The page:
Chef masterclass: Scallop mousse by Marcello Tully

24 May 2013
Chef masterclass: Scallop mousse by Marcello Tully

The mousse, once the darling of the dining room, fell out of fashion through over-use and was damned as a cheap vehicle for stretching chefs' budgets. But this version of the classic recipe employs luxury ingredients, putting it firmly centre stage. Michael Raffael reports

But there was some justification, too. If 
a kilo of scallop meat back in the day cost, let's say, £25, two kilos of mousse cost five pounds more. What happened then was a classic 
baby-and-the-bathwater story. The stars moved on, and where they led, others followed.

The standard version 1:1 meat to cream plus egg white and seasoning remains a classic. It's as good as the person preparing it and the way in which they choose to use it. Instead of the mousse being an end to itself, it can carry other textures and flavours.

At Kinloch Lodge on Skye, Marcello Tully, a senior member of the Roux Baby clan, can claim two decades of experience of mousses created using his mentor's signature recipes.


Costing Kinloch Lodge operates three dinner menus: seven courses for £75, five courses 
for £65 and four courses for £60. "Cripples" 
(a lobster missing a claw) in Scotland fetch 
£10-£12 per kilo compared with undamaged lobsters, which are about £18. Diver scallops fluctuate around £2 each depending on size. Chef Tully allows £5 per portion.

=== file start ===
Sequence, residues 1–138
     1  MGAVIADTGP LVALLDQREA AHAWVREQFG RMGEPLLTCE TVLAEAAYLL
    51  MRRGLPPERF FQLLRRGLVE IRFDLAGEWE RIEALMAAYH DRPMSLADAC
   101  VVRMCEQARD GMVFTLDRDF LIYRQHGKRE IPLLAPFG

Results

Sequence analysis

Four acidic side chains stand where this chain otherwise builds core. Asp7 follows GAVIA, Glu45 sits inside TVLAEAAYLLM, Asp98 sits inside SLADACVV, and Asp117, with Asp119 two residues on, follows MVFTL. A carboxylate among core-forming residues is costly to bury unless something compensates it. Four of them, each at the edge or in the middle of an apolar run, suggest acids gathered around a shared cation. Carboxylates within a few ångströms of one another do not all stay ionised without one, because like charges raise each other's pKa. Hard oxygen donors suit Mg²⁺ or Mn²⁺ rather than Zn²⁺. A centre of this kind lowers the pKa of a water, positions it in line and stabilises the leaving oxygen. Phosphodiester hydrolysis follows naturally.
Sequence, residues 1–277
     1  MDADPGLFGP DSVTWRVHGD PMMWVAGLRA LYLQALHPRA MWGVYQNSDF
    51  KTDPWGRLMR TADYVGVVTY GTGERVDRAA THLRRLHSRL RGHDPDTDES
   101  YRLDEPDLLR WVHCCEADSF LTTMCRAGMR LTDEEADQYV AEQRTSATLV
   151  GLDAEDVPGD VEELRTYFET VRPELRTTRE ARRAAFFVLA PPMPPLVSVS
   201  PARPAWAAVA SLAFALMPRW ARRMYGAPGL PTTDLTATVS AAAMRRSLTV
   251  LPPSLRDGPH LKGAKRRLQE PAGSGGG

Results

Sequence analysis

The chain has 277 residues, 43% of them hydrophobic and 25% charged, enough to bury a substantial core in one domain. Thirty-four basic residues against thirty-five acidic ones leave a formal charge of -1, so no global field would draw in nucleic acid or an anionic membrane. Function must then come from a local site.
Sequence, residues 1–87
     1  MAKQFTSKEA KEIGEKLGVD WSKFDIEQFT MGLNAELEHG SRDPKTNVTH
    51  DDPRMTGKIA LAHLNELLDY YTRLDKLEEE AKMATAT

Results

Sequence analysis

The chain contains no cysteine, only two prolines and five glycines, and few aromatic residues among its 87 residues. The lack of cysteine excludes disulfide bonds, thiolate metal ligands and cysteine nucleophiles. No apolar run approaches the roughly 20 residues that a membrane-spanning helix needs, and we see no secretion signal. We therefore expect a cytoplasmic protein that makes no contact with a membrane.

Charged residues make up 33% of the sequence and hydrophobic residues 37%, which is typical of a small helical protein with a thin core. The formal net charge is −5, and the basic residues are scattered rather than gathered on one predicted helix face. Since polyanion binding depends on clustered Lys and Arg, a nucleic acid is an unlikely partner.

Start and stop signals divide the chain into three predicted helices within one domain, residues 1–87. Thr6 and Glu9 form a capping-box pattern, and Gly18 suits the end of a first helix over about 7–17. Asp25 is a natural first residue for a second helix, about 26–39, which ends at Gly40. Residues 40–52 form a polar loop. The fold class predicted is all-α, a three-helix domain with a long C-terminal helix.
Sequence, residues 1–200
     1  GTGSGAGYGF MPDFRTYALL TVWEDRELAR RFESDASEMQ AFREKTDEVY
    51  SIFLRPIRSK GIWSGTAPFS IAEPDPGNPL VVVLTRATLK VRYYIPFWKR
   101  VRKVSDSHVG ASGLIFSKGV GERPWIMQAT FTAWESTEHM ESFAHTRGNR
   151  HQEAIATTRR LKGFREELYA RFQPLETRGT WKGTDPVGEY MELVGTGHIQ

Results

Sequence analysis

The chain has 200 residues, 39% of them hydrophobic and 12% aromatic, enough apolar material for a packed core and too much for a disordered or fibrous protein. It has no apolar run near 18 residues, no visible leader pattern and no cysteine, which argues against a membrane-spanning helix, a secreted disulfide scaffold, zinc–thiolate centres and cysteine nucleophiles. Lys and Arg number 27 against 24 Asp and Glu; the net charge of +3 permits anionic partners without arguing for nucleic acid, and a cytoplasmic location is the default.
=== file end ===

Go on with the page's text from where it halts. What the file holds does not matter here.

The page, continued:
Planning The scallop mousse, which is
10 main portions or 16 tasting menu portions, 
can be made up to a day in advance.
The cucumber for the garnish is steamed
in vacuum pouches. The dressing is part of the kitchen's basic preparation and is finished during service. Lobsters are steamed live and prepped. The scallop and lobster salpicon is mixed into the mousse. The mousse is steamed in lined hoops to order.

(Serves one)
2tbs dill dressing
1 steamed scallop mousse
1/2 lobster tail
1tsp tomato concassé
3 steamed cucumber wedges, cut 1cm thick
Optional: lobster claw

Paint the dressing roughly across the centre 
of the plate. Place the warm mousse on top.
Cut through the natural sections of the 
lobster tail and arrange them in a ring on top
of the mousse.
Sprinkle the tomato around the plate. 
Stand the cucumber wedges on end on the plate, adding the optional lobster claw if you wish.

Quantities here are for a Thermomix blender. 
A normal batch size would be double the amount.
300g chilled scallops, flesh only
1/2tsp salt
20g egg white (half a large egg)
300g chilled double cream

Chop the scallops roughly, put them in the Thermomix and blend to a fine purée. Add the salt and egg white. Blend again. Add the double cream. Blend again (1-4).
When blending a small quantity as here, pulse and scrape the mixture to ensure it is perfectly smooth.
Empty the contents into a clean container and chill until required.

â- The colder and fresher the ingredients, 
the lower the risk of the mousse splitting.
â- Whipping cream mixed with double cream gives a lighter texture.
â- When making small batches of mousse, 
ensure that the food processor blades 
are covered.

â- In the past, some chefs would pass the 
mousse through a drum sieve when preparing quenelles. This isn't essential with modern equipment.